knitr::opts_chunk$set(collapse = TRUE, prompt=TRUE)

All the software used in this worksheet is freely available. The *R*
statistical package is installed for you in the lab, but you may
download and install *R* for Windows, Mac, and Linux systems from:
https://www.r-project.org.

The following document walks through a common propensity score
matching work-flow in *R*. Example *R* code will appear with a `>`

indicating the command prompt. You may type this code yourself ---
each line is a command to *R*. Output will follow prefaced by
`##`

. (In *R*, `#`

represents a comment; any command preceded by any
number of `#`

's will not be executed.) For example:

2 + 2

(Note that when entering the code yourself, do not include the `>`

in
your command. Also, for longer lines of code in this document, the
text may wrap onto a second line, with the second line preceded by a
`+`

sign. When entering the code yourself, you do not have to wrap the
lines, and do not include the `+`

.)

*R* stores data in named variables using the arrow operator:

my.variable <- 2 + 2 my.variable * 3

*R* add-on packages are available to install directly from *R*:

install.packages("optmatch") install.packages("RItools")

These commands will ask you to select a CRAN server. Any server will
do. You may also be asked whether you'd like to set up a "personal
library to install packages into"; if so, answer yes. (The default
personal library location that *R* will suggest should be OK.) You'll
only need to run these commands the first time you want to use
`optmatch`

or `RItools`

on a particular computer, or when you install
a new version of *R*.

Attach extension packages that we'll be using for matching and associated diagnostics:

library(optmatch) library(RItools)

library(optmatch) library(RItools)

You'll do this each time you start a new *R* session and want to run
matching commands.

To load the nuclear plants data, enter

```
data(nuclearplants)
```

```
data(nuclearplants)
```

To see the first six rows:

```
head(nuclearplants)
```

For more on the variables here, enter

help("nuclearplants")

You can directly access a variable within this data frame as follows. (Try typing in the commands to see what they do.)

nuclearplants$pt table(nuclearplants$pt) with(nuclearplants, table(pt))

The variable you will have just viewed and tabulated, `pt`

, is a dummy
for whether the plant was built with "partial turnkey guarantees."
These plants were not comparable to the others in terms of
construction costs. Let's exclude them for the time being, for
simplicity. To do this we'll create a data table (in *R* jargon, a
"data frame") of just those observations for which `pt`

is 0:

nuke.nopt <- subset(nuclearplants, pt == 0)

To inspect its first six or last six entries, do

head(nuke.nopt) tail(nuke.nopt)

To view this as presenting a matching problem, we'll think of plants
built on the site of a previously existing plant (`pr == 1`

) as the
treatment group and plants on new sites (`pr == 0`

) as comparisons.

To check the number of treated and control plants:

table(nuke.nopt$pr)

To get the pair match minimizing the mean paired distance on `cap`

,
among all collections of 7 non-overlapping pairs, do

pairmatch(pr ~ cap, data = nuke.nopt)

For a more readable report of who gets matched to whom, type

print(pairmatch(pr ~ cap, data = nuke.nopt), grouped = TRUE)

For matching on both `date`

and `cap`

, you'd type ```
pairmatch(pr ~ cap
+ date, ...)
```

instead of `pairmatch(pr ~ cap, ...)`

. We'll talk later
about how this combines discrepancies on the two variables. For now,
note the form of the output this command generates: a variable of the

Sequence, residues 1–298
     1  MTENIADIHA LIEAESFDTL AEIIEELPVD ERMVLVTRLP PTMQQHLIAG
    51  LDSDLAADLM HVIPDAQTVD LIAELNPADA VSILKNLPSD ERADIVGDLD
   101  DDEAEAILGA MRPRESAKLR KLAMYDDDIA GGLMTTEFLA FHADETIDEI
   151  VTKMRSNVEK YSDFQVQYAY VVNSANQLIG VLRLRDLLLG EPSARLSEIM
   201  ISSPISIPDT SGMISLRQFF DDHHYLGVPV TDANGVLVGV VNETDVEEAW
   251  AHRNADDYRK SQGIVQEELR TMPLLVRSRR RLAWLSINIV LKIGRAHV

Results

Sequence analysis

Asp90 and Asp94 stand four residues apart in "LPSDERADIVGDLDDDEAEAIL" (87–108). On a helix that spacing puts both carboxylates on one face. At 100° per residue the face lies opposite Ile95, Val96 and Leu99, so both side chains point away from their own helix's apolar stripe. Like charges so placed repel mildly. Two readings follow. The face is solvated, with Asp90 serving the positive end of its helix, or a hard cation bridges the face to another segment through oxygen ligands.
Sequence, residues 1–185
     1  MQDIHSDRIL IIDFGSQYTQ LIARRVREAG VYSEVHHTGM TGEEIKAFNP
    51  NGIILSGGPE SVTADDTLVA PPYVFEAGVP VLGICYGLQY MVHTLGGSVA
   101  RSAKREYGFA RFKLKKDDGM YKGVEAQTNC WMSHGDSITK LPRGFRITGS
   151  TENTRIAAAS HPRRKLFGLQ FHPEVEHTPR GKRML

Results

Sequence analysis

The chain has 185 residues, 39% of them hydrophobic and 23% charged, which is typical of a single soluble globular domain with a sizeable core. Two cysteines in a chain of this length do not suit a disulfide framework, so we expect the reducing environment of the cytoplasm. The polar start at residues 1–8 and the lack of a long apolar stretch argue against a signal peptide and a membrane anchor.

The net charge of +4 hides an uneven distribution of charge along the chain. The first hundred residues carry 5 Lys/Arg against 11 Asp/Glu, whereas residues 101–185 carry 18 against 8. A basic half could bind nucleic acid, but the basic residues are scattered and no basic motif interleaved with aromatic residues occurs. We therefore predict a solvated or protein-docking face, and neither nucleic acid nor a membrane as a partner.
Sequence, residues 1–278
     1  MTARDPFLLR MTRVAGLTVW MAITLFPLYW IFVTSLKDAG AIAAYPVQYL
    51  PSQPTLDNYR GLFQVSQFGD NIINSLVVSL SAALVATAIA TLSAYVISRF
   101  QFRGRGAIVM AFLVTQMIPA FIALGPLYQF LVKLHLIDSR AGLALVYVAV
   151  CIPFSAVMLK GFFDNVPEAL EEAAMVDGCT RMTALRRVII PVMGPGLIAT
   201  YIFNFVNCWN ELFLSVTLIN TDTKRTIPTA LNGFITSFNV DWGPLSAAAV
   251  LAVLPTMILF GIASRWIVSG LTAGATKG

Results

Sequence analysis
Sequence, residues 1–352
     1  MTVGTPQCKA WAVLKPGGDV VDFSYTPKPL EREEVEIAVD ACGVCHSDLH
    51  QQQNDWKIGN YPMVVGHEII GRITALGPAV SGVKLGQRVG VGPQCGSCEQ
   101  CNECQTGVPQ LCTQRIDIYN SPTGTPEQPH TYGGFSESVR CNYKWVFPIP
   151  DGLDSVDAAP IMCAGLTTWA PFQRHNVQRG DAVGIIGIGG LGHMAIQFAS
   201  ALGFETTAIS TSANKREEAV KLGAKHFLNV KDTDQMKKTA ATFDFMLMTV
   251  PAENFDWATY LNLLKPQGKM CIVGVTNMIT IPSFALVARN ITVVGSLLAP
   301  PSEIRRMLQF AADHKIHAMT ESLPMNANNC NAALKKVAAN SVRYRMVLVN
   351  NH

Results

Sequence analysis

same length as the variables making up `nuke.nopt`

, assigning a
distinct name to each matched set. To fix your intuition, you might
try connecting up below the units that `pairmatch()`

has placed in the
same matched sets.

library(pander) a <- with(nuke.nopt, data.frame( Plant=row.names(nuke.nopt), Date=round(date-65, 1), Capacity=round(x=(cap-400),digits=-1))[as.logical(pr),]) b <- with(nuke.nopt, data.frame( Plant=row.names(nuke.nopt), Date=round(date-65, 1), Capacity=round(x=(cap-400),digits=-1))[!as.logical(pr),]) rownames(a) <- NULL rownames(b) <- NULL c <- cbind(data.frame(rbind(as.matrix(a), matrix(nrow=nrow(b)-nrow(a), ncol=3))), b) pandoc.table(c, style="multiline", missing="", caption='New-site (left columns) versus existing-site (right columns) plants. "date" is `date-65`; "capacity" is `cap-400`.')

For basic summary information about this match, try

summary(pairmatch(pr ~ cap, data = nuke.nopt))

If you've already typed in the `pairmatch(...)`

part, you can use the
up-arrow, Home and End keys to avoid having to re-type. Alternatively,
to assign the name "`pm`

" to the matching result, do

pm <- pairmatch(pr ~ cap, data = nuke.nopt)

Now, you can just type `print(pm, grouped = TRUE)`

or `summary(pm)`

.

The following would give a basic matched analysis of the effect of new
or existing site on construction costs is given with the help of *R*'s
linear modeling function. In effect, the existing site effect is
estimated as one "way" in a two-way \textsc{anova}, the other "way"
being the factor variable that represents the matching result,
i.e. `pm`

.

summary(lm(cost ~ pr + pm, data = nuke.nopt))

There are other types of matches you might want to try. Here's how to create matched triples (each treatment group unit is matched to two control group units):

tm <- pairmatch(pr ~ cap, controls = 2, data = nuke.nopt)

There will be further variations suggested on the slides.

It's possible to give the software an impossible list of requirements for a match. For instance, try running the following:

pairmatch(pr ~ cap, controls = 3, data=nuke.nopt)

The problem here is that the data don't have 3 comparison units to go with each treatment unit, since we have 7 treatment units but only 19 comparison units.

Matching can also fail because the distance matrix embodies matching constraints that are impossible to meet. In these cases the matching function will generally run without complaint, although it won't create any matches. Here is an example, where the caliper is so narrow as to forbid all possible matches:

pairmatch(pr ~ cap + cost, caliper=.001, data = nuke.nopt)

Behind the scenes, the `caliper`

argument restricts how the maximum
distance between matched objects. For example, consider Table 1
above. Plants A and H are 1.3 units apart in `date`

. If we assigned
`caliper=1`

, they could never be matched because they exceed the
caliper limit.

If before matching you want to remove just the subjects lacking a